Why not extend the tax rebate to businesses?  Because, unlike consumers, businesses use vastly different quantities of fuel, depending on the nature of the business.  It’d be an accounting nightmare to try to keep them “whole” in terms of fuel cost vs. tax rebate.  Besides, their products are all consumed by individual taxpayers, so if the fuel tax collected from businesses is also rebated to individual taxpayers, then the latter are kept “whole” in terms of the tax rebate off-setting the higher cost of products.  In addition, with higher fuel costs and no tax rebate, businesses will be super-motivated to improve their energy efficiency. 

But, since businesses will have to add this fuel tax to the cost of their products, won’t this make American-made products uncompetitive with imports?  Ah, this is where the “third bird” comes in!  Imports would also be taxed at a rate that would eliminate this cost discrepancy.  But isn’t that a tariff that violates WTO (World Trade Organization) rules?  Yup!  And this is where it gets really good!  The global community, led by the UN, has been beating us over the head to come up with a plan to address global warming.  So, UN, here’s the plan.  Do you have a better one?  If not, then the global community, led by the UN, needs to sit down with the WTO and demand changes to trade rules that accommodate nations’ efforts to address global warming.  After all, everyone acknowledges that one of the keys to cutting fuel consumption and CO2 emissions is to produce more products locally.  And no one can argue that trade policy takes precedent over the need to fight global warming.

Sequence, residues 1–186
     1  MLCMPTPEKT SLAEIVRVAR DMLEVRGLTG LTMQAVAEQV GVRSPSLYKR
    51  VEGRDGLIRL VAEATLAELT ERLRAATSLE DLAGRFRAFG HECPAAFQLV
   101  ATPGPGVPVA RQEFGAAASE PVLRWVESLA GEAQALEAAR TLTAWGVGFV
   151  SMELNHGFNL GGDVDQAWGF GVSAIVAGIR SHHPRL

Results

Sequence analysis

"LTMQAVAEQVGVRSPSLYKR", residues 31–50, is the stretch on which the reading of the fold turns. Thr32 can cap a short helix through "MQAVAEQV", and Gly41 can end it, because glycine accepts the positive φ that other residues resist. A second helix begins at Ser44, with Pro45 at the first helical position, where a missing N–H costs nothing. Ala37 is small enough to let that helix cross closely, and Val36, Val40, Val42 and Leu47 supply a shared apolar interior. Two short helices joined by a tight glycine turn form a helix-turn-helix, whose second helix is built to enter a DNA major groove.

In fact, that brings up another issue.  Billions of gallons of fuel are burned every year in ships delivering products all over the world.  That’s a lot of oil consumption and a lot of CO2 emissions.  It has to be factored into the equation by someone, in some way, because the cost of dealing with global warming is going to be astonomical.  A good way to account for this is to require each nation to include in its emissions the fuel burned by ships delivering imports, beginning with their point of origin.  What I’m saying is that imports should be taxed based upon the fuel that was burned to deliver them. 

For example, let’s suppose that a ship delivering cars from Japan burns about five million gallons of fuel and delivers 5,000 cars (fairly typical figures).  That fuel should be taxed at the same rate as fuel burned in the U.S.  Again, assuming that the tax adds $2 per gallon to the cost of fuel, then that delivery of cars should be assessed a tax of $10 million.  That would add $2,000 to the cost of each imported vehicle.  In fact, even the delivery of oil in tankers should be taxed in the same way, to mitigate the cost of dealing with the emissions from the oil burned in the ship’s engines.